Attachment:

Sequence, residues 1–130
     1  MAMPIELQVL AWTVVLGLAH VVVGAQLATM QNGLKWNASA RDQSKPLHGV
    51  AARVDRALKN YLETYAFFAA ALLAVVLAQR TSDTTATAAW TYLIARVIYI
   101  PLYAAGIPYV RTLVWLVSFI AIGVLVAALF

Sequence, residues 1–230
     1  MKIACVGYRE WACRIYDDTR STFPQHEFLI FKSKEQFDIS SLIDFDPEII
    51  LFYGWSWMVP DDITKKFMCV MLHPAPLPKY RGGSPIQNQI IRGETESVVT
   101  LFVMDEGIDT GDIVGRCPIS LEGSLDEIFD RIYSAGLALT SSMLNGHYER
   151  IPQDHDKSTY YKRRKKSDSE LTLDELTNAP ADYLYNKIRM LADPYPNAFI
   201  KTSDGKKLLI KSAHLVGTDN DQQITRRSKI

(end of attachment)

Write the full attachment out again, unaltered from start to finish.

Sequence, residues 1–130
     1  MAMPIELQVL AWTVVLGLAH VVVGAQLATM QNGLKWNASA RDQSKPLHGV
    51  AARVDRALKN YLETYAFFAA ALLAVVLAQR TSDTTATAAW TYLIARVIYI
   101  PLYAAGIPYV RTLVWLVSFI AIGVLVAALF

Sequence, residues 1–230
     1  MKIACVGYRE WACRIYDDTR STFPQHEFLI FKSKEQFDIS SLIDFDPEII
    51  LFYGWSWMVP DDITKKFMCV MLHPAPLPKY RGGSPIQNQI IRGETESVVT
   101  LFVMDEGIDT GDIVGRCPIS LEGSLDEIFD RIYSAGLALT SSMLNGHYER
   151  IPQDHDKSTY YKRRKKSDSE LTLDELTNAP ADYLYNKIRM LADPYPNAFI
   201  KTSDGKKLLI KSAHLVGTDN DQQITRRSKI